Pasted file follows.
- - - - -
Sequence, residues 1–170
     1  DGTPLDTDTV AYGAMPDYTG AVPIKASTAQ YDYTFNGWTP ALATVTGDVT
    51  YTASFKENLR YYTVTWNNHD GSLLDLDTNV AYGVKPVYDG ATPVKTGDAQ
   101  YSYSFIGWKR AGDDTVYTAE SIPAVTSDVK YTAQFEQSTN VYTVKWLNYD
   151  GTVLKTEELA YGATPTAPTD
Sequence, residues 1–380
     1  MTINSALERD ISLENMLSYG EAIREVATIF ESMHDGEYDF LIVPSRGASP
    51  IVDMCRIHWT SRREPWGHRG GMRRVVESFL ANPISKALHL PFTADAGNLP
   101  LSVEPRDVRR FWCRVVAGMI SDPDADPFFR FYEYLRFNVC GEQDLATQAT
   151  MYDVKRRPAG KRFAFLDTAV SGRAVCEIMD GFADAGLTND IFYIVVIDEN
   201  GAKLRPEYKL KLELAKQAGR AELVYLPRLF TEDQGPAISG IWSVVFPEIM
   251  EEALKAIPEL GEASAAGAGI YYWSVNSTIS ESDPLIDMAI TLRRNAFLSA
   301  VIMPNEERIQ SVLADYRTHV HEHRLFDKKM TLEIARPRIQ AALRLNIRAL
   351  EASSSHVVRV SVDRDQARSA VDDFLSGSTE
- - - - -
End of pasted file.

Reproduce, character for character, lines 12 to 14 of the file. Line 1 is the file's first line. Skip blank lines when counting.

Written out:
   251  EEALKAIPEL GEASAAGAGI YYWSVNSTIS ESDPLIDMAI TLRRNAFLSA
   301  VIMPNEERIQ SVLADYRTHV HEHRLFDKKM TLEIARPRIQ AALRLNIRAL
   351  EASSSHVVRV SVDRDQARSA VDDFLSGSTE